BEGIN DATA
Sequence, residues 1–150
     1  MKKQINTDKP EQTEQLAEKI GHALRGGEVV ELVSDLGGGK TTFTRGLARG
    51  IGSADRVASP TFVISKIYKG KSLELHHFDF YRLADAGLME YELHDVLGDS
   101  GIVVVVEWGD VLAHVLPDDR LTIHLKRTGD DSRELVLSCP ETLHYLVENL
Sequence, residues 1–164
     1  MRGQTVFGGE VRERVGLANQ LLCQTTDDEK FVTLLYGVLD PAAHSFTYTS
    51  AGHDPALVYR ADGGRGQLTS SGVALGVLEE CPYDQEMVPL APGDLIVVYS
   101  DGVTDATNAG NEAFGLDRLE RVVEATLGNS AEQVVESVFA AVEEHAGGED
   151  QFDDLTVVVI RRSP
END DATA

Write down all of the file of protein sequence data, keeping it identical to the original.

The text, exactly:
Sequence, residues 1–150
     1  MKKQINTDKP EQTEQLAEKI GHALRGGEVV ELVSDLGGGK TTFTRGLARG
    51  IGSADRVASP TFVISKIYKG KSLELHHFDF YRLADAGLME YELHDVLGDS
   101  GIVVVVEWGD VLAHVLPDDR LTIHLKRTGD DSRELVLSCP ETLHYLVENL
Sequence, residues 1–164
     1  MRGQTVFGGE VRERVGLANQ LLCQTTDDEK FVTLLYGVLD PAAHSFTYTS
    51  AGHDPALVYR ADGGRGQLTS SGVALGVLEE CPYDQEMVPL APGDLIVVYS
   101  DGVTDATNAG NEAFGLDRLE RVVEATLGNS AEQVVESVFA AVEEHAGGED
   151  QFDDLTVVVI RRSP